Soon, Leonard Cure’s family will demand answers. They’ll want to know why he was pulled over on Interstate 95 Monday morning. They will want to know why he was told to get out of his car. They’ll want to know why he was arrested. You’ll want to know how he fought back. They will want to know why police felt deadly force was necessary.
But today Leonard Cure’s family is in mourning.
Seth Miller, executive director of the Innocence Project of Florida, said Cure, 53, was on his way back to Georgia after visiting his mother in the Fort Pierce area. After serving 16 years in prison for a crime he didn’t commit, Cure began a new chapter in his life, Miller said.
He had just decided on a new home. Thanks to an $817,000 settlement from the state of Florida, he had new bank accounts and investments. All of those assets are now in limbo, Miller said, until Cure’s mother and family figure out what happens next.
“As he left his mother’s house, he told her, ‘I love you and will come back to see you,'” Miller said. “The next thing she knew, a Fort Pierce police officer came to her door to tell her her son was dead.”
Cure’s mother described it to Miller as “surreal” and “impossible.”
According to a press release from Crump’s office, the family retained Ben Crump. The well-known civil rights and personal injury attorney has previously represented the families of George Floyd, Trayvon Martin and Breonna Taylor.
The Georgia Bureau of Investigation is investigating the traffic stop that ended Cure’s life. According to the Camden County Sheriff’s Office, Cure, a black man, was pulled over around 7:30 a.m. Monday for driving 90 miles per hour in a 70 mph zone. The deputy who initiated the stop told Cure, who had been cooperating up to that point, that he was under arrest.
According to authorities, the arrest was for reckless driving.
At that point, Cure began resisting, according to an initial statement from the GBI. A stun gun wasn’t enough to stop him from resisting. He “assaulted” the deputy, the statement said. The stun gun was used again. Likewise the deputy’s baton and finally his weapon.
Videos recorded by the patrol car’s body camera and dashboard camera will be reviewed along with the officer’s statement and other evidence before the agency forwards its findings to prosecutors, said Stacy Carson, the GBI agent who led the investigation into the shooting.
Camden County Sheriff’s Capt. Larry Bruce said no incident report on the shooting was available Tuesday and declined to release the video footage, citing the ongoing investigation.
Bruce said Cure was hesitant to exit the vehicle – the deputy asked several times before complying.
“When he got to the back of the truck and was about to be handcuffed, he became violent,” Bruce said.
Authorities have not released the name of the deputy, who was placed on administrative leave. Carson said he was a white man.
For those released after a wrongful conviction, the sight of a police officer and the threat of arrest can trigger a post-traumatic reaction, said Stephanie Spurgeon, a Pinellas County woman who served eight years in prison for manslaughter based on an expert testimony, which later turned out to be incorrect.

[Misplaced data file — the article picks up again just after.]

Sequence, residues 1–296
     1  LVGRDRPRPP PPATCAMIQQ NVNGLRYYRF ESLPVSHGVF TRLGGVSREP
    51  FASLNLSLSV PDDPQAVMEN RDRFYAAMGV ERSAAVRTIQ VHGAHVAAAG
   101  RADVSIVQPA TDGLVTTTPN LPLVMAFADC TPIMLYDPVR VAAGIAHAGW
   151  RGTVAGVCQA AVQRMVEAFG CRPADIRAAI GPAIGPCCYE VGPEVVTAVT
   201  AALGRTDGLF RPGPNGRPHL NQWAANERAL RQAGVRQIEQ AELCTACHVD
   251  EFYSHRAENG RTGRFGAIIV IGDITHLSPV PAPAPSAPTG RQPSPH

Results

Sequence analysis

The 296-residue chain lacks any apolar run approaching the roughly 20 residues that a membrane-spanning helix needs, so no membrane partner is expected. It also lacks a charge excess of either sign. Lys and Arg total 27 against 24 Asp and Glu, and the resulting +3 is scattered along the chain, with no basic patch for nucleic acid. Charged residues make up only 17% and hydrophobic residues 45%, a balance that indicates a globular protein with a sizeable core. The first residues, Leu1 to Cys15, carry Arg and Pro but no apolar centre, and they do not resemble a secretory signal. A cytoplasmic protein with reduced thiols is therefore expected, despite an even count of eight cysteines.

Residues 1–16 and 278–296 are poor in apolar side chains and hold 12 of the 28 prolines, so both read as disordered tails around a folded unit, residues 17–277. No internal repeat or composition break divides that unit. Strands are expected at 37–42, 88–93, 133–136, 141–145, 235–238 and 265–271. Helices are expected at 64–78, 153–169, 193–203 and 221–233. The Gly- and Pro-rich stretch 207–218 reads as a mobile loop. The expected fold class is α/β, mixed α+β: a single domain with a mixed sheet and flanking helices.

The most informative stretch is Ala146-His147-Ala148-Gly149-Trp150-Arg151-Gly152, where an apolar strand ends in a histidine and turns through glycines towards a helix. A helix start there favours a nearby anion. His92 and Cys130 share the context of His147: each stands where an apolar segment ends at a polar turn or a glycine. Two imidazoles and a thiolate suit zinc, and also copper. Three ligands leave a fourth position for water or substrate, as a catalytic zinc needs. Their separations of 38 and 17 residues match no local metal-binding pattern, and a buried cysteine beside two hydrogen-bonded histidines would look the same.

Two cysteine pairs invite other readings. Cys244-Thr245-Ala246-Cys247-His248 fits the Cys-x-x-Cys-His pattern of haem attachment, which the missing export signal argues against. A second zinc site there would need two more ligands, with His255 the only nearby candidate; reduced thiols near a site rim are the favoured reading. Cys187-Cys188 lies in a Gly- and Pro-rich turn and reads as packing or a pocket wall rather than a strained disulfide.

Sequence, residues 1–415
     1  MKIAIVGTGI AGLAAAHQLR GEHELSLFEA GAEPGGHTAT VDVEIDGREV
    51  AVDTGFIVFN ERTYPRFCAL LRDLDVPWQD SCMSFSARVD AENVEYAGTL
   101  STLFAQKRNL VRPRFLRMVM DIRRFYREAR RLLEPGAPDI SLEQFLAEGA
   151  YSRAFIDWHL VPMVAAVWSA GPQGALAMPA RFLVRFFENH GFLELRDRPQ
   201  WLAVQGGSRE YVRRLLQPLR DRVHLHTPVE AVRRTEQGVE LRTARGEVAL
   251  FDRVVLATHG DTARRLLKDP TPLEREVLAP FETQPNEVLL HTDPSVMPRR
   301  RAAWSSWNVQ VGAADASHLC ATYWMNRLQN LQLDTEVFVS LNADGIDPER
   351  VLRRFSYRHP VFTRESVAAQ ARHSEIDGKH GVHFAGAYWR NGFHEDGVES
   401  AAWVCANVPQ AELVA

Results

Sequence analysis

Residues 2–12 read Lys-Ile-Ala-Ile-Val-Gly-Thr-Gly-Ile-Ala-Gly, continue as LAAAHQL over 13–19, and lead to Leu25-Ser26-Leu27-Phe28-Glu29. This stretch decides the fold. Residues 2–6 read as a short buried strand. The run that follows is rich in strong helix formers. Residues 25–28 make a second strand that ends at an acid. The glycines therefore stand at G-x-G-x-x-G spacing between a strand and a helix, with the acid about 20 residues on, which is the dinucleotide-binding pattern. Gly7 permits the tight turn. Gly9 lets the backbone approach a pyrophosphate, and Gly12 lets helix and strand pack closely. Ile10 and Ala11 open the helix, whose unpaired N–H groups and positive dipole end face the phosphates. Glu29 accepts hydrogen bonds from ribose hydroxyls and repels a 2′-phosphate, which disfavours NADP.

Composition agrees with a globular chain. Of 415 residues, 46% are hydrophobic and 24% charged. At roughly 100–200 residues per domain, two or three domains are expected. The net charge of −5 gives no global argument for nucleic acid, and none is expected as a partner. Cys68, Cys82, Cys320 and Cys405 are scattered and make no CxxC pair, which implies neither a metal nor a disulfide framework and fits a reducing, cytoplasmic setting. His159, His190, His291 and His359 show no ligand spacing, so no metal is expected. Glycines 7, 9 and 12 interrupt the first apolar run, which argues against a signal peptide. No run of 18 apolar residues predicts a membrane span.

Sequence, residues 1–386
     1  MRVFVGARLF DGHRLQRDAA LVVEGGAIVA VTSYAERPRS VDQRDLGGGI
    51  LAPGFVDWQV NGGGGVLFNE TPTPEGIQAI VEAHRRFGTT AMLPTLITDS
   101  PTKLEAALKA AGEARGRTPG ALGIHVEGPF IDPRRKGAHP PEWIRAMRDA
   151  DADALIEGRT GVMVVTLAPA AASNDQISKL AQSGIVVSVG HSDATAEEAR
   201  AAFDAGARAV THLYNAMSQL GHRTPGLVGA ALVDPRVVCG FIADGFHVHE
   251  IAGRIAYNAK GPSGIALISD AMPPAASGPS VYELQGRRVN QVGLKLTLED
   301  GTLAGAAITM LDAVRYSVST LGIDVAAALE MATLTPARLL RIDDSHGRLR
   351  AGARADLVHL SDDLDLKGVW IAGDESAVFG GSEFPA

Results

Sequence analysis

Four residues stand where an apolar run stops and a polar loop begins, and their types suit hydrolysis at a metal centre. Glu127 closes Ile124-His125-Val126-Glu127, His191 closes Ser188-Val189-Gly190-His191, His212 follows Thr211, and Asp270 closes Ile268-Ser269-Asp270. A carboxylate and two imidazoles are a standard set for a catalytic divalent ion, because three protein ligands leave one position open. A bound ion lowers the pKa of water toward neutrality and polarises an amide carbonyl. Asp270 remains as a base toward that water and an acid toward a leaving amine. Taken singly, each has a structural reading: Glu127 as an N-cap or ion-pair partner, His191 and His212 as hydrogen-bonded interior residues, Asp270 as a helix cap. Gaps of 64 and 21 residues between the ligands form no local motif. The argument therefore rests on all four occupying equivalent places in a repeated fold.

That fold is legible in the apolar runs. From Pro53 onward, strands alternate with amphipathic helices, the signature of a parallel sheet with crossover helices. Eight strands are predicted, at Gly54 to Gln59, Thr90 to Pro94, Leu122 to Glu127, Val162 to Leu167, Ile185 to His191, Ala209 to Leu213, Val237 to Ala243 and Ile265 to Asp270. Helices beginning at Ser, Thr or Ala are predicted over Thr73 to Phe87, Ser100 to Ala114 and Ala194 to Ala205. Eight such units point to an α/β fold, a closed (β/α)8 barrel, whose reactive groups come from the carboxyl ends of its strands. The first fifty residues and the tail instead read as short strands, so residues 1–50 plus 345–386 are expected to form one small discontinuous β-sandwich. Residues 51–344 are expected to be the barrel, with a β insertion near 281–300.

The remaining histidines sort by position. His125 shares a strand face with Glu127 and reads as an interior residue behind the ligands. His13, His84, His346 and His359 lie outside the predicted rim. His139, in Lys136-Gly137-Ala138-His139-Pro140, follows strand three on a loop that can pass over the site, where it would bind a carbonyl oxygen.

“It’s a feeling that’s hard to put into words,” Spurgeon said. “Even if a police officer pulls up behind you without the lights flashing, trauma is evoked. Panic. Terror. Absolute fear. And the feeling that something like this couldn’t possibly happen again.”
That fear was likely what Cure was feeling at the time of his arrest, Miller said. “An overarching, persistent and persistent fear they have is that the freedom they have worked so hard to regain will be taken away from them at any moment,” he said.
Studies show that Black Americans face a disproportionate risk of being wrongfully convicted of crimes or killed by police.
According to a 2022 report from the Registry, Black people make up 13.6% of the American population but 53% of the 3,200 exonerations listed in the National Registry of Exonerations.
Black Americans are seven times more likely to be wrongfully convicted of serious crimes than white Americans, the report said.
For those whose convictions are overturned, exoneration is often not a happy ending. Many struggle with severe post-traumatic stress disorder after their wrongful conviction, which psychologists have often compared to the trauma experienced by war veterans.
Many report significant personality changes, including paranoia and anxiety, following their conviction; others report feelings of threat and fear in public.
Cure’s freedom was originally taken away from him in 2004 when he was convicted of armed robbery with a firearm and aggravated assault with a firearm on Nov. 10, 2003, in Dania Beach. The Broward District Attorney’s Office took a second look at the review unit case through its sentencing. Cure was the first prison inmate exonerated by the unit.
“All I know is that someone who I knew was a person of good will, someone who was giving an incredible amount of himself and getting his life back together, is no longer with us because of a traffic stop,” Miller said . “Everyone’s primary focus now is grieving the loss of a family member.”
Information from The Associated Press was used in this report.
Rafael Olmeda can be reached at email@example.com or 954-456-4457